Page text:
Issues Of Separation

Mark Nymeyer

When someone uses the word “Separatists” I am reminded of the original Puritans who came to the shores of Massachusetts to find a place to worship God. They left England because it was not a friendly place to worship as they saw fit. They separated so that they could worship God their way; the challenges came from both the institutional Church of England as well as the State that was wed to it. That was the 1600s.

When someone uses the word “separation” I am reminded of a story that took place in the 1800s. Thomas Jefferson had just been elected the third president of the United States and he sat down New Year’s Day (1802) to send a letter to the Danbury Baptist Association of Connecticut. In that letter he stated two things which define an issue of separation in 2020.

He wrote, “Believing with you that religion is a matter which lies solely between Man & his God, that he owes account to none other for his faith or his worship, that the legitimate powers of government reach actions only, & not opinions, I contemplate with sovereign reverence that act of the whole American people which declared that their legislature should ‘make no law respecting an establishment of religion, or prohibiting the free exercise thereof,’ thus building a wall of separation between Church & State.”

It did not take long for the letter to be published and then it went quietly away into the same place that all Presidential papers go. However, in 1879 the Supreme Court referenced the letter and used it to describe the “scope and effect of the [first] amendment.” It went away again, for 68 years but returned in the majority opinion of Justice Hugo Black in “Everson v. Board of Education”. He wrote, “a wall of separation between church and State.’ . . . That wall must be kept high and impregnable. We could not approve the slightest breach.”

Jefferson idealized “Individualism” and provided a missive metaphor that has become a “Legal Absolute”. In 21st Century America we are sold on individualism as our personal right and “the wall that separates Church and State” as a national distinctive among the community of nations.

A couple of years ago I listened to a radio commentator interview a Muslim cleric who identified a key difference between his country’s political views and America’s. He said that we Americans celebrate “separation of Church and State” as an enduring strength; whereas he comes from a country where their strength is rooted in the “absolute union of Mosque and State”. He further stated that because of the union of Mosque and State the Muslim world would defeat the West. He believed that without their union there is no enduring reason to engage an enemy who threatens a nations’ lifestyle that is solely rooted in capitalism. He did not believe that the American public would battle the Muslim world just to sustain our Western Capitalistic ways; there has to be more. At that moment I turned off the radio and pondered his comments. I believe that his conclusion has merit.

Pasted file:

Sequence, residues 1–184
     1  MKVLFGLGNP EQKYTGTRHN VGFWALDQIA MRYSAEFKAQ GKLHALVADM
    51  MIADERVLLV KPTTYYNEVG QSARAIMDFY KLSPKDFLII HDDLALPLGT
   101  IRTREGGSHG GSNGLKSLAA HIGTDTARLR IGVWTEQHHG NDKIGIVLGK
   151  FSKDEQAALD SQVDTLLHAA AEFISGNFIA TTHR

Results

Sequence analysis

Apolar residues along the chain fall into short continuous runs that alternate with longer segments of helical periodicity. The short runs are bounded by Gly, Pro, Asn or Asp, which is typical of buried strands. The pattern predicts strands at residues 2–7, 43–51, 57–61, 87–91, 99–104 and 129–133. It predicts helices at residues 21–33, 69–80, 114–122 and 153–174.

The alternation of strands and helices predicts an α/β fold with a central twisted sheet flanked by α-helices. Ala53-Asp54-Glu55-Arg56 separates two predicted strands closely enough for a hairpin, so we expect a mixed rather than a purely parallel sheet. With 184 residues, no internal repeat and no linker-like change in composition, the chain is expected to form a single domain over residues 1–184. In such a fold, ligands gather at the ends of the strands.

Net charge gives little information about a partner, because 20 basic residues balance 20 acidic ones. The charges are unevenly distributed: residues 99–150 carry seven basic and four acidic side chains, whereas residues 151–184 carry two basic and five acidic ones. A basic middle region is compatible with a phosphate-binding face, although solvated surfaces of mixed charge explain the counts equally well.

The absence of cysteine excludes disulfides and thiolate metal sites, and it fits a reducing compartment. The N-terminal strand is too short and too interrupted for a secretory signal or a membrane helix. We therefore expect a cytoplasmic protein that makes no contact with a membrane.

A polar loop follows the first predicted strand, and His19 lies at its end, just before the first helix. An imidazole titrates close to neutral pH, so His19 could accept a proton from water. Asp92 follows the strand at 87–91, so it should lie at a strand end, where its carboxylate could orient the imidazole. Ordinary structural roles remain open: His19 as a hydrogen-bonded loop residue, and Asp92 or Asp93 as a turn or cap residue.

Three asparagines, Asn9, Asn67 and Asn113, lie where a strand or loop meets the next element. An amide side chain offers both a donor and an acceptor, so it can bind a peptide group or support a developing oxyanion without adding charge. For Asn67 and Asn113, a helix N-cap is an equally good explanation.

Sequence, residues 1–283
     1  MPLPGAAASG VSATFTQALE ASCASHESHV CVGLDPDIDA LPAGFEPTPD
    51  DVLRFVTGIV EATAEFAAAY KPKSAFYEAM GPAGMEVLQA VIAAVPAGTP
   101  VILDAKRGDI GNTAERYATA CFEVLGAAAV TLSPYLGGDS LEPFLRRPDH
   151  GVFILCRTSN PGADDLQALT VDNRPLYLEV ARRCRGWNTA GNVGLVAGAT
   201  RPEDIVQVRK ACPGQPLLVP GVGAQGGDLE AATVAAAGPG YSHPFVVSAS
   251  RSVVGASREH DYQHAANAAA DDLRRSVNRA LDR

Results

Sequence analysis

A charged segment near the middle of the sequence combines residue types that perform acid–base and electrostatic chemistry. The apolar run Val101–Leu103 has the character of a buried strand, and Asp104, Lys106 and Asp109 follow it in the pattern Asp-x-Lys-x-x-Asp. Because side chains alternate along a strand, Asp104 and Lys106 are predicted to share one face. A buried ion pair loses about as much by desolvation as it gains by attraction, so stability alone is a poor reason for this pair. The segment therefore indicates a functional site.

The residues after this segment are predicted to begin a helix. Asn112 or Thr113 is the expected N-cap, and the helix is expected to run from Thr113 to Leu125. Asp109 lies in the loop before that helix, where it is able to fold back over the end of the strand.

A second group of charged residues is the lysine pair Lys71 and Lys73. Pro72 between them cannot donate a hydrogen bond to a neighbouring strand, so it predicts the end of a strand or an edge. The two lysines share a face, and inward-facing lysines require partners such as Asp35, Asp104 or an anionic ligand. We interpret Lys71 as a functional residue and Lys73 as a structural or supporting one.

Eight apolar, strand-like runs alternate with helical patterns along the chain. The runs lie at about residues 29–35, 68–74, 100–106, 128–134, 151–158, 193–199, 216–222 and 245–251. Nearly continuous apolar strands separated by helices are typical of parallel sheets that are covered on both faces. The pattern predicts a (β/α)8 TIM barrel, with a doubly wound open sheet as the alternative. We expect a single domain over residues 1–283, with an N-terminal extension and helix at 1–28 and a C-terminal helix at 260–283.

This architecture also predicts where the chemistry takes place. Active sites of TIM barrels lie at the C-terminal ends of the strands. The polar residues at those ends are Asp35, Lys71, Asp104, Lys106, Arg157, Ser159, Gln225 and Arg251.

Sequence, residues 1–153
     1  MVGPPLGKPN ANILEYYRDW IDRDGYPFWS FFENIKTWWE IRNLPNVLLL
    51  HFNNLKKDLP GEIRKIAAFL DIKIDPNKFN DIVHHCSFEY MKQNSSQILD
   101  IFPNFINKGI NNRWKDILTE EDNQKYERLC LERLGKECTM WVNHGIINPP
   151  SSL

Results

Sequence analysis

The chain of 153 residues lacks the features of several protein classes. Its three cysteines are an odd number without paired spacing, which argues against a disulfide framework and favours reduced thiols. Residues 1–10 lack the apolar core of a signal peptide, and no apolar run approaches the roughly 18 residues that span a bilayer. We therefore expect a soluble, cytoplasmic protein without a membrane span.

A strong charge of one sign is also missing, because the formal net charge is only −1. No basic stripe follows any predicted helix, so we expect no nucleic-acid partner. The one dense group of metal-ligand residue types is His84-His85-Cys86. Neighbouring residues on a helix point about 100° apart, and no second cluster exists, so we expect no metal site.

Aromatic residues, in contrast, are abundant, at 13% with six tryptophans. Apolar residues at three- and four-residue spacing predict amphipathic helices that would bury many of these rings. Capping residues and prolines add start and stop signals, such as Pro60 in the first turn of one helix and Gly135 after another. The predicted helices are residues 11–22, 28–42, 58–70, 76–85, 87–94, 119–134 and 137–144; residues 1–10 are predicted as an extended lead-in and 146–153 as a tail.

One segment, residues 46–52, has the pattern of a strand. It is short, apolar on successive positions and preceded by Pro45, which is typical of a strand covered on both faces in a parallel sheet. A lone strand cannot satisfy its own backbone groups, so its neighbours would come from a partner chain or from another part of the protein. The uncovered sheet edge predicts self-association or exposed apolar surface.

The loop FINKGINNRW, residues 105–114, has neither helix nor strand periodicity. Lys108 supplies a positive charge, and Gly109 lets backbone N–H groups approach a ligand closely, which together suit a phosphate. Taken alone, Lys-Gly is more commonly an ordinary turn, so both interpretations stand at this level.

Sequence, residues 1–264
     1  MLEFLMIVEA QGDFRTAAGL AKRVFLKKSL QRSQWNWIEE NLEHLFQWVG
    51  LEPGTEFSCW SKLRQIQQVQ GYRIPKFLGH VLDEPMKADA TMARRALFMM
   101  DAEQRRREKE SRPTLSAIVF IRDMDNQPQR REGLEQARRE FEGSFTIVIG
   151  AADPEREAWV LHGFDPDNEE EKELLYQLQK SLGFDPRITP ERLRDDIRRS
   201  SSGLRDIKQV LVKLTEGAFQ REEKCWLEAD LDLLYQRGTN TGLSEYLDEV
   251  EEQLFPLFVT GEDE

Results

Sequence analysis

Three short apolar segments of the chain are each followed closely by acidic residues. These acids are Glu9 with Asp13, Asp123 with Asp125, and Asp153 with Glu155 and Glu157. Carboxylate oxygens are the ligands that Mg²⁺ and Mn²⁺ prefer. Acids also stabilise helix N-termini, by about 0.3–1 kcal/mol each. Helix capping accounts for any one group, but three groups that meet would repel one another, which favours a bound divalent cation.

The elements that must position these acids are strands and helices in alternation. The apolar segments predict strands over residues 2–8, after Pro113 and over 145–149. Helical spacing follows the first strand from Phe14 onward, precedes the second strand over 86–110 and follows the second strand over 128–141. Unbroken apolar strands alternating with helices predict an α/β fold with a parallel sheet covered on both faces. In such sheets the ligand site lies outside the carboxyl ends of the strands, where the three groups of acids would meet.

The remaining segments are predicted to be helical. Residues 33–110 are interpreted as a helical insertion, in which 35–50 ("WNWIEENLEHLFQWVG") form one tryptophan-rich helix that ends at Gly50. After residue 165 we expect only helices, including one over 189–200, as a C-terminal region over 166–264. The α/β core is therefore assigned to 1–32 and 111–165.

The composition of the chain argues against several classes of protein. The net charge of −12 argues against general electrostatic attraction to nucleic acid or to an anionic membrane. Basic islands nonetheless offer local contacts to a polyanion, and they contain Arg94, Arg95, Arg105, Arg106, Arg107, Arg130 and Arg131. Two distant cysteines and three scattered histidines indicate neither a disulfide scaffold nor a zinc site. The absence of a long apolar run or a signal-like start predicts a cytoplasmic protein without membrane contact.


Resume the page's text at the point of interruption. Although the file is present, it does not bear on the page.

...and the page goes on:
As we separate our national conscience from traditional Christian mores we grow more and more fragmented around our individual agendas. The political result is that our new leaders are the people who promise the most to the most people yet are unable to keep any of those promises. Meanwhile they access the top rung of the good life as elected representatives. Just today two Cabinet nominees have withdrawn because they were “sloppy” living the good life.

Perhaps traditional Christian virtue would return to the political stage if we separated all levels of political leadership from money and placed every elected official in the same Social Security network that the blue collar worker lives with. End any and all contributions from PACs and any and all gifts from Lobbyists; limit all contributions to $99 per person, period. Put the entire sum of PERS into the Social Security Trust Fund and separate the “mother’s milk of politics” from the politicians who have the power to direct money. Finally, deposit all “left over” campaign funds into the public till and begin again.

We began as a country with deeply held religious beliefs and it was expected that those beliefs would inform and govern our public and political conscience. Over the past 60+ years we have systematically separated our national soul from our religious roots and the moral convictions that nurtured them. All we have left is the capitalistic machine that was born from it and it is consuming us; it may be destroying us.

We stand on the precipice of financial disaster. Could it be that we have separated ourselves from the wrong thing and cling to the one thing that should never be the goal of any person or nation?

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